CAMBRIDGE, United Kingdom--(BUSINESS WIRE)--MathWorks today hosted a Student Robot Challenge at its new offices in Cambridge. Nine teams from the University of Cambridge participated in the contest, including students from engineering, science and maths disciplines. The challenge was to program a robot that could complete a navigational task using MATLAB and Simulink, applying theory and skills learned in the classroom to the real world.
With growing calls from the UK’s engineering and technology industries to encourage more STEM students to learn hands-on programming skills and to leave university better prepared to solve real world engineering problems, this robot contest was a fun example of how MathWorks, together with University of Cambridge students, are teaming up to help enhance the academic experience.
- The winners of the MathWorks Simulink Robot Challenge were Team MatLads, whose members were Wesley Wroe and Richard Peach from the Engineering Department
- In second place were QED-grad, whose members were Mark Varley, Henry Cathcart, Oliver Armitage and Emil Hewage
- In third place were Team CCA, whose members were Laird Hocking, Tom Begley, Parousia Rockstroh and Henry Jackson
Each member of the first placed team was awarded a Google Nexus 7. Prizes were also awarded to the second and third placed teams. The judging was carried out by an experienced team of MathWorks engineers who awarded points for correctly completing a series of navigational tasks within the set time.
Professor Jan Maciejowski, Head of the Information Engineering Division at the University of Cambridge, said, “The MathWorks Simulink Robot Challenge is a great example of how we’re working with industry to help prepare students effectively for their future careers. Integrating industry standard tools such as MATLAB and Simulink and teaching skills such as Model-Based Design as part of the STEM curricula is essential. Project-based learning exercises such as this contest, which used LEGO MINDSTORMS NXT, offer opportunities to develop skills by encouraging imagination, creativity and problem-solving in real world situations.”
Jakub Sanak, an engineering student and a member of the team Duplo, said, “This contest helped to make theory come to life. We had a lot of fun today and we hope this type of contest can be an inspiration for other universities, colleges and schools to take part in more project-based challenges. I’ve learned skills today that not only can be applied in my university course, but will also help me in my future career.”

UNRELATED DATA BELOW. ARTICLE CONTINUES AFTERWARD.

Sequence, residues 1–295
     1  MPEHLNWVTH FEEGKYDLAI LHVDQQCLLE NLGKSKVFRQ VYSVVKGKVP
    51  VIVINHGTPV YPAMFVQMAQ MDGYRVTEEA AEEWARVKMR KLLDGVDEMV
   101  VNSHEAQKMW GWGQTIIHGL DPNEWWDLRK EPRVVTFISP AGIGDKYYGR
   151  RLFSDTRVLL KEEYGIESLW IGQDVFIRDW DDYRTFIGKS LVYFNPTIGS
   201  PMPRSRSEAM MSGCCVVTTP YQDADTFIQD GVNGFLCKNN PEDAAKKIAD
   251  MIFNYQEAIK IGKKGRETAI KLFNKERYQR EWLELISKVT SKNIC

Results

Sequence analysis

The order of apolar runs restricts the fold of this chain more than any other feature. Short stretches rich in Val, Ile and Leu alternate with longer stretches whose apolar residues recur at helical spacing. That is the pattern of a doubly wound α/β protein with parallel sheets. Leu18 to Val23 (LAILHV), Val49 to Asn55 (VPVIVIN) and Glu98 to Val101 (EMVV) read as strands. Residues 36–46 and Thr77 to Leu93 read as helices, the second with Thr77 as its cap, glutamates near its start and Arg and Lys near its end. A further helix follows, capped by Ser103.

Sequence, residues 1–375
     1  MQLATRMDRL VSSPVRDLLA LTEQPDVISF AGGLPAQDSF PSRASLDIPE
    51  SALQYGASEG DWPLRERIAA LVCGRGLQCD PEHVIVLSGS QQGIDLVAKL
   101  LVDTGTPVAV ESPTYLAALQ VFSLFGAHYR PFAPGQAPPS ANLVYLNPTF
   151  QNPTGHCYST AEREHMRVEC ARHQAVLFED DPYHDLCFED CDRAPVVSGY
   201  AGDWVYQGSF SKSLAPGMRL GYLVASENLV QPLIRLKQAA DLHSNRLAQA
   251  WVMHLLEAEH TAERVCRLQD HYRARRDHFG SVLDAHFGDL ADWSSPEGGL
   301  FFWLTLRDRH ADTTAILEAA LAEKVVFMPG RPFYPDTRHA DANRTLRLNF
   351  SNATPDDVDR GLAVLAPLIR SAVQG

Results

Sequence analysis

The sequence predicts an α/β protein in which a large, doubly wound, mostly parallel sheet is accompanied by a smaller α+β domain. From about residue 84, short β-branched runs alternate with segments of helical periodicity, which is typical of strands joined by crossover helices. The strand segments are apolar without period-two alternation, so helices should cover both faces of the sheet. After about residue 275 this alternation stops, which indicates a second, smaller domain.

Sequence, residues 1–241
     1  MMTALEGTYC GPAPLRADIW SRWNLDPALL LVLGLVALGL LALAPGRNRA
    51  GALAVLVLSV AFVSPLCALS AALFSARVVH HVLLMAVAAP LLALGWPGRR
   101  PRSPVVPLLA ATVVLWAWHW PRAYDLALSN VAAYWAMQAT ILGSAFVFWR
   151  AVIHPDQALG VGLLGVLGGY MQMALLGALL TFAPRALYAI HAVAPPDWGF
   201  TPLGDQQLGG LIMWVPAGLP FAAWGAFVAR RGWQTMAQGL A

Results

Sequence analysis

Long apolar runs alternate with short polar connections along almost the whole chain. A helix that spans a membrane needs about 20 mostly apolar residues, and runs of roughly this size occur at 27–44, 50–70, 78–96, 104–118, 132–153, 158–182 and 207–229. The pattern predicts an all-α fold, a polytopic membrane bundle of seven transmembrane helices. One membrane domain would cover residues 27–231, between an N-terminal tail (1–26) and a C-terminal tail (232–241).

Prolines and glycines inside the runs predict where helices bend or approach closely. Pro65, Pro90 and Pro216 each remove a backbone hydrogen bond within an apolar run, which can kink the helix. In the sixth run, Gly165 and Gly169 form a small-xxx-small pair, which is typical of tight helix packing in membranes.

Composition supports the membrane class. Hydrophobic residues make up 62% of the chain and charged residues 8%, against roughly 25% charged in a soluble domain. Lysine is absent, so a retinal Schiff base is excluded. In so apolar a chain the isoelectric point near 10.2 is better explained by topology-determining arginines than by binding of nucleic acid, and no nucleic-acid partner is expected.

Tanya Morton, Application Engineering Manager at MathWorks, said, “There’s a major push to get more students in the UK interested in STEM subjects to help support the growth of the UK’s engineering and technology industries. By using industry-standard tools such as MATLAB and Simulink to program a robotic system, students get valuable hands-on experience and a taste of the challenges they may face in a career in industry.”
Additional images available on request
- For further information go to: Student Robot Challenge
- LEGO MINDSTORMS NXT Support from MATLAB and Simulink
- Teaching Mechatronics with MATLAB, Simulink, and Low Cost Hardware
- Student version of MATLAB
- Careers at MathWorks UK
MathWorks is the leading developer of mathematical computing software. MATLAB, the language of technical computing, is a programming environment for algorithm development, data analysis, visualisation, and numeric computation. Simulink is a graphical environment for simulation and Model-Based Design for multidomain dynamic and embedded systems. Engineers and scientists worldwide rely on these product families to accelerate the pace of discovery, innovation, and development in automotive, aerospace, electronics, financial services, biotech-pharmaceutical, and other industries. MathWorks products are also fundamental teaching and research tools in the world's universities and learning institutions. Founded in 1984, MathWorks employs more than 2400 people in 15 countries, with headquarters in Natick, Massachusetts, USA. For additional information, visit www.mathworks.com.